Changes in American Attitudes Toward Animals May Reflect Concern for Animal Welfare
Changes in public attitudes toward animals over time could indicate increasing concern for animal welfare.
Changes in public attitudes toward animals over time could indicate increasing concern for animal welfare, say the authors of a study published in Biological Conservation.
In a comparison of surveys conducted in the United States in 1978 and 2014, researchers found that attitudes toward selected animal species were mostly similar. However, six species (bats, sharks, vultures, rats, wolves, and coyotes) were viewed much more favorably in 2014. Raccoons and swans were viewed less favorably.
The 1978 survey was funded by the US Fish and Wildlife Service to study “the American public’s fundamental attitudes, perceptions and understandings of animals.” The survey of over 3000 people included 33 species of wild and domestic animals, not including livestock used in agricultural production. The most liked species were dogs, horses, swans, robins, and butterflies. The least liked were cockroaches, mosquitoes, and rats.
Researchers from The Ohio State University performed another survey in 2014 to investigate whether attitudes had changed over the decades. This survey, which included 26 species, was conducted online and yielded 1287 responses. In this survey, the most liked animal was again the dog, followed by the butterfly, eagle, horse, and robin. The mosquito was the least favorably viewed, followed very closely by the cockroach. The rat was again the third most disliked animal.
The authors speculate that attitudes toward some “historically stigmatized” species, such as sharks and rats, may have improved with increased public attention from science-oriented television programming or publicized accounts of mistreatment. The reasons for the decreased favorability ratings of raccoons and swans are unknown, but the authors suggest that urbanization has increased human-raccoon conflict, possibly affecting attitudes toward raccoons.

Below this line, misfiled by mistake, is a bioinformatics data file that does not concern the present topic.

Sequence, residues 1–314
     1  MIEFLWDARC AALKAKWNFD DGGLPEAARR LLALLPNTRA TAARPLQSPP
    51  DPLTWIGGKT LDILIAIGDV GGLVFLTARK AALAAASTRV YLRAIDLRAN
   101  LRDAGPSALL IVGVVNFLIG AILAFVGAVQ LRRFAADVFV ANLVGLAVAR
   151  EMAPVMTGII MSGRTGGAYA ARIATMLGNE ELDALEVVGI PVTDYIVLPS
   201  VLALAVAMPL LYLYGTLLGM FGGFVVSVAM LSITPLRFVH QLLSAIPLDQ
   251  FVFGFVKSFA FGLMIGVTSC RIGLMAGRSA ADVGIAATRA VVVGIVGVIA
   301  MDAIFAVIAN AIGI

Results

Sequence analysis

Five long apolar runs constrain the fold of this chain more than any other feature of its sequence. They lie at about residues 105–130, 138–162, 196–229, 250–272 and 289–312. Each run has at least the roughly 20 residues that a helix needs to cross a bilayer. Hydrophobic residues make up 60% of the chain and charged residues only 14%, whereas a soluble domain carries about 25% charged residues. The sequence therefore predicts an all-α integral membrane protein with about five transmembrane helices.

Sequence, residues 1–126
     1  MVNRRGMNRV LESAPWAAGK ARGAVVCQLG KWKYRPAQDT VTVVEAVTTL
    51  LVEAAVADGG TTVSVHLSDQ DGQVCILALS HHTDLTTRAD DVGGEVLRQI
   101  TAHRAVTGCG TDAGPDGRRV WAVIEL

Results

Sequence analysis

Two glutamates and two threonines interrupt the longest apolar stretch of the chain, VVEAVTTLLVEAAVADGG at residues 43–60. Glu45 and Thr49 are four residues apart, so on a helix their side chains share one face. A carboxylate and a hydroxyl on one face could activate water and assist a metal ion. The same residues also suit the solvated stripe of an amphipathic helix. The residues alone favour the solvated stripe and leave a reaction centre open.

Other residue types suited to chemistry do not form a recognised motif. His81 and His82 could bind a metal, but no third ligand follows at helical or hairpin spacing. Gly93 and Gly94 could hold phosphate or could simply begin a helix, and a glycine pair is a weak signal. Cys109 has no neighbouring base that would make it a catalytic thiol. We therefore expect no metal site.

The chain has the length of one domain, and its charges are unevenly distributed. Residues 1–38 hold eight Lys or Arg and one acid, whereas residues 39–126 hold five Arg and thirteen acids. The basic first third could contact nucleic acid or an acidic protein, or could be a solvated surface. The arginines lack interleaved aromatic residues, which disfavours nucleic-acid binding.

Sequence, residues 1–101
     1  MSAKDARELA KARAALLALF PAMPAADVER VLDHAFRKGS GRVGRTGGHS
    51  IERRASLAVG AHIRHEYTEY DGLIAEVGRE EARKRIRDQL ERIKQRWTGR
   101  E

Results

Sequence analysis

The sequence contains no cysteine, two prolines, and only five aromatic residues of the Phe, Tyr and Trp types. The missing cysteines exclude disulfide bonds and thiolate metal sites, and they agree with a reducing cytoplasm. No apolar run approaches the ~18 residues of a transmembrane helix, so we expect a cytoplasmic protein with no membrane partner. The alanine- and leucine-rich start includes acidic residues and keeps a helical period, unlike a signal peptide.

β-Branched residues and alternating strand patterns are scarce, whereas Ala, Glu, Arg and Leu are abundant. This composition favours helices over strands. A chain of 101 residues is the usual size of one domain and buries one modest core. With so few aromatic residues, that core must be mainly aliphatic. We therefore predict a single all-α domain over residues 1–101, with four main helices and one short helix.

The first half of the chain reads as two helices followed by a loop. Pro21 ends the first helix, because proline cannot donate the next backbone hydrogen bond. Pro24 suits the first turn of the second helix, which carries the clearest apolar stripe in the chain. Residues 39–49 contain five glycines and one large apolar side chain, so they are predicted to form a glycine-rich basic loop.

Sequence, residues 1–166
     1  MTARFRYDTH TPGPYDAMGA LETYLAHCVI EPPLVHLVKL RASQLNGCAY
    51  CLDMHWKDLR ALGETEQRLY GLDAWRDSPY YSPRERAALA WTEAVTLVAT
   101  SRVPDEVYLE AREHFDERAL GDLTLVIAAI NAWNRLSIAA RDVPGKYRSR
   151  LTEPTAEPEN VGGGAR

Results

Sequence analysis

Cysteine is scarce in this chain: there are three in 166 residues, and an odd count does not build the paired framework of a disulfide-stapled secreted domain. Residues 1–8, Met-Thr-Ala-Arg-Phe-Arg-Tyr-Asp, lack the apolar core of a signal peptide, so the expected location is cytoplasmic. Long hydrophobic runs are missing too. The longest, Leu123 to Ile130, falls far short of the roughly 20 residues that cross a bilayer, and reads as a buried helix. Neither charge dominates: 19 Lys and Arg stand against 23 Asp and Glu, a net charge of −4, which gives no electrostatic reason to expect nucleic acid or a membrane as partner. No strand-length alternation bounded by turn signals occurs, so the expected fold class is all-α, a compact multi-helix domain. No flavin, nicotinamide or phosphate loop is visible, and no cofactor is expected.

“To the extent that these attitudinal indicators represent concern for animals generally, these data suggest that concern for animal welfare could be increasing in the United States,” write the authors. They theorize that attitudes toward wildlife are shifting from a “domination” orientation focusing on mastery to a “mutualist” orientation focusing on caretaking.
The 1978 survey revealed a general dislike of predator species; for example, wolves and coyotes were ranked 21st and 22nd, respectively, out of 33 species. In 2014, wolves and coyotes were ranked 13th and 14th, respectively, out of 26 species. These results reflect respondents’ more favorable attitudes toward these species (42% and 47% more respondents reported positive attitudes toward wolves and coyotes, respectively, in 2014 than in 1978). Previous studies cited by the authors found that living in urban areas, as compared with living in rural areas, is associated both with more favorable attitudes toward wolves and a more mutualist orientation toward animals.
Increasing urbanization and global population growth could create conflict with efforts to improve wildlife conservation and the welfare of companion and agricultural production animals, write the authors. “Shifts in attitudes toward animals, as well as concern for animal welfare generally, are likely to impact how societies negotiate the trade-offs between conservation, agricultural productivity and animal welfare in the future,” they conclude.
Dr. Laurie Anne Walden received her doctorate in veterinary medicine from North Carolina State University. After an internship in small animal medicine and surgery at Auburn University, she returned to North Carolina, where she has been in small animal primary care practice for over 20 years. Dr. Walden is also a board-certified editor in the life sciences and owner of Walden Medical Writing, LLC.